# A Semi-Supervised Based K-Means Algorithm for Optimal Guided Waves Structural Health Monitoring: A Case Study

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## Abstract

**:**

## 1. Introduction

## 2. Background

#### 2.1. Guided Waves Based SHM

#### 2.2. Damage Detection Approach

## 3. K-Means Based Method

#### 3.1. Classical K-Means Clustering

- Randomly choose k points (centers) from the input data set;
- Extract feature vectors from data;
- Assign each feature vector to the closet center;
- Compute the new centers of the formed clusters.

#### 3.2. Proposed Online Damage Detection Method

- ${\mathrm{TH}}_{\mathrm{d}}$: threshold of limit value of the distance that can be considered in the same cluster;
- i: counter of signal distances that exceed ${\mathrm{TH}}_{\mathrm{d}}$;
- k: number of clusters;
- N: persistence number to reach a new cluster;
- d: the Euclidian distance between the new signal feature vector and the centroid of its cluster.

## 4. Experiments and Database Building

## 5. Results and Discussion

#### 5.1. Classical K-Means

_{OPT}= 4. In the second case as shown in Figure 13b, which concerns the feature vector (RMS, mean), only the gap criterion indicates that the optimal number of clusters is five, which is the real number of data groups. This confirms that the feature vector (RMS, mean) is the most relevant for damage detection and will be retained in the following development.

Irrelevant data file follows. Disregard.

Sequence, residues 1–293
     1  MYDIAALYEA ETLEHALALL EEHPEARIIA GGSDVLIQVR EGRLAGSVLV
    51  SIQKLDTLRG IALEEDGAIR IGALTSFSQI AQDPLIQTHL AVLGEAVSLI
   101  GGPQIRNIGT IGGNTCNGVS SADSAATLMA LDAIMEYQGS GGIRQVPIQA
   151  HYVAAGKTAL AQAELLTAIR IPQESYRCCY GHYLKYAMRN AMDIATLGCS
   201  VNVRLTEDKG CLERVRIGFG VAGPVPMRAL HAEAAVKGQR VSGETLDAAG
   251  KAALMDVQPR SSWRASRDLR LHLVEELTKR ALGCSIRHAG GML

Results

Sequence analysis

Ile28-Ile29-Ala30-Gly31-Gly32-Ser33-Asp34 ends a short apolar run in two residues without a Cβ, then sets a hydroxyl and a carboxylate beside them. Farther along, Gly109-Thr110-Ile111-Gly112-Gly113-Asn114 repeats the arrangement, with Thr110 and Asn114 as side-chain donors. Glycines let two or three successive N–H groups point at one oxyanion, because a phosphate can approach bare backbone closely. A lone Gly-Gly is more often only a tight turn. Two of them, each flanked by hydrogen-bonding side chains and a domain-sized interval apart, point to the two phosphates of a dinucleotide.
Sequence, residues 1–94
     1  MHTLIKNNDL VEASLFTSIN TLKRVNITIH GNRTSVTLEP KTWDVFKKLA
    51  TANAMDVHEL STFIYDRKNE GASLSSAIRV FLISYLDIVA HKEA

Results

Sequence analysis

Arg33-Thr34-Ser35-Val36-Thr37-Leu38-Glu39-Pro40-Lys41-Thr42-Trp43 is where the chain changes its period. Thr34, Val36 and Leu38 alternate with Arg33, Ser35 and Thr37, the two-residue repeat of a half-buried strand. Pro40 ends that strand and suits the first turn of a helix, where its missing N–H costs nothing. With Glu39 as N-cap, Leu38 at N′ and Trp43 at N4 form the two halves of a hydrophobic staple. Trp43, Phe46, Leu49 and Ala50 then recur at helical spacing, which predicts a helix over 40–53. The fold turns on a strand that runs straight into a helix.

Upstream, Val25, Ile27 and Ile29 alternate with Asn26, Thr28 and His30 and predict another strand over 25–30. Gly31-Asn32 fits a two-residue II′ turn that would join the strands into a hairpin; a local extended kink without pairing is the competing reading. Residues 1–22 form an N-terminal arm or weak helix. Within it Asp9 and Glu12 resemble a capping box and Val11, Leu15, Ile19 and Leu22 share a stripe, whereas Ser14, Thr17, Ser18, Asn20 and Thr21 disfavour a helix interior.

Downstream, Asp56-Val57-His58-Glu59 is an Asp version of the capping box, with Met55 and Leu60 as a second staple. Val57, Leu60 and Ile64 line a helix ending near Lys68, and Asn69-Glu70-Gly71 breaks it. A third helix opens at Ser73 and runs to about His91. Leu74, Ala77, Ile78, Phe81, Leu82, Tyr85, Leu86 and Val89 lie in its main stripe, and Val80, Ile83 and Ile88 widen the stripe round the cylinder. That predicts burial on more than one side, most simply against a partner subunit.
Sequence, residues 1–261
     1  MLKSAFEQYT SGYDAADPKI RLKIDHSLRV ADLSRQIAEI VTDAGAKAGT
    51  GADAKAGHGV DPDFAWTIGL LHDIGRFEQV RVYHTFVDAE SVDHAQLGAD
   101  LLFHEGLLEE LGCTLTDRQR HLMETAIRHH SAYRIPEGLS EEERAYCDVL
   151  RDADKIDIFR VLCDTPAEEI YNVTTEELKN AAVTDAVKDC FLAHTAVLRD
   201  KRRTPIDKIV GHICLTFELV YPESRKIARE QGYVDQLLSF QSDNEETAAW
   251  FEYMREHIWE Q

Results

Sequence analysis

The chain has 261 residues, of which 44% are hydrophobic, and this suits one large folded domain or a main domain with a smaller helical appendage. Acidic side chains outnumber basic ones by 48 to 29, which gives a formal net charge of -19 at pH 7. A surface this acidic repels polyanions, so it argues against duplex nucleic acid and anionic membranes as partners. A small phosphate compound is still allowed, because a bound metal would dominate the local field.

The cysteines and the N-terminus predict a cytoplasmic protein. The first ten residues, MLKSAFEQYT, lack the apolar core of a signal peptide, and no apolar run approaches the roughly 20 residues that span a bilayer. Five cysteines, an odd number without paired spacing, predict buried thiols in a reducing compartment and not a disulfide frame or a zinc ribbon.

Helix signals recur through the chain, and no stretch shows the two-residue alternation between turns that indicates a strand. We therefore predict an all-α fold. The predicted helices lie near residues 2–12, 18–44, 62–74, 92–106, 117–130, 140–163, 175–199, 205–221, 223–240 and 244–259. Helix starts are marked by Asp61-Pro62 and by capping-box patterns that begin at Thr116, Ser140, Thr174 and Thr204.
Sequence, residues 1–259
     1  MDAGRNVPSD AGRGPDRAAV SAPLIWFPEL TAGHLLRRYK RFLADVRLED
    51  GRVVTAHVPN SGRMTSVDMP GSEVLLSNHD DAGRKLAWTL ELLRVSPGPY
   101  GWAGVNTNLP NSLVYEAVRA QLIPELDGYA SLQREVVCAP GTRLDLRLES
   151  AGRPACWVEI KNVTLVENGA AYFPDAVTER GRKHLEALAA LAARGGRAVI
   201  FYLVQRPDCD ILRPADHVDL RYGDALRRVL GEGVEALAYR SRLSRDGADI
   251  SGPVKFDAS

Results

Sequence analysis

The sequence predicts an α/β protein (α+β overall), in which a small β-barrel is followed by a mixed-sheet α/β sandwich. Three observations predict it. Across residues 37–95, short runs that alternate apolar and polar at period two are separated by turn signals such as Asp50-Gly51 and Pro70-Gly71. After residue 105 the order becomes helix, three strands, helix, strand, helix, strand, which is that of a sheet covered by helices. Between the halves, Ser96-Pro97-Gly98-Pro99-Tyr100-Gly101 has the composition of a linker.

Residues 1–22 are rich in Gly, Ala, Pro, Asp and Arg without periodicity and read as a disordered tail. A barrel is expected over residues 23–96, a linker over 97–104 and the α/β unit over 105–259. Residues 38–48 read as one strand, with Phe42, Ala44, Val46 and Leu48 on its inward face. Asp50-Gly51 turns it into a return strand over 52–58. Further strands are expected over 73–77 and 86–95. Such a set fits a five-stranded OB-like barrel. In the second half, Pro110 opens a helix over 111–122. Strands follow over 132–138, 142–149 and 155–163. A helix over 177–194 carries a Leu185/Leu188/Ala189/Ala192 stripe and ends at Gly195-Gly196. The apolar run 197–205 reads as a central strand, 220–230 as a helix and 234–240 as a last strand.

#### 5.2. Novel Proposed Method

^{−3}to ${\mathrm{TH}}_{\mathrm{d}}$ = 8 × 10

^{−3}with a step of 1 × 10

^{−3}. This range was graphically determined from the previous results shown in Figure 12. The persistence number was fixed at N = 3. The result in Figure 15d shows that a high value of ${\mathrm{TH}}_{\mathrm{d}}=8\times {10}^{-3}$ kept all the signals in the same cluster and hence the number of clusters remained at k = 1. Therefore, this value of ${\mathrm{TH}}_{\mathrm{d}}$ did not allow the detection of the damaged state clusters. When ${\mathrm{TH}}_{\mathrm{d}}=6\times {10}^{-3}$, as shown in Figure 15c, the resulting clustering process was close to the real cluster of signals.

## 6. Conclusions

## Author Contributions

## Conflicts of Interest

## References

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**Figure 5.**Experimental setup of the guided waves monitoring technique of a tube, and photography showing the adopted method to create a structural defect.

**Figure 6.**Schematic diagram of the proposed experimental setup shown in Figure 5.

**Figure 7.**Circumferential displacement distribution: for decreased cross-section change (CSC) (

**a**,

**c**), and decreased CSC (

**b**,

**d**), and reflection coefficient versus CSC in both cases (material loss and added material (

**e**,

**f**)). (r, z) are the radial and axial coordinates of the axisymmetric tube.

**Figure 8.**Example of a measured signal from a damaged pipe (top) and its time-frequency representation (bottom).

**Figure 10.**(left) Original signal (

**a**), noise (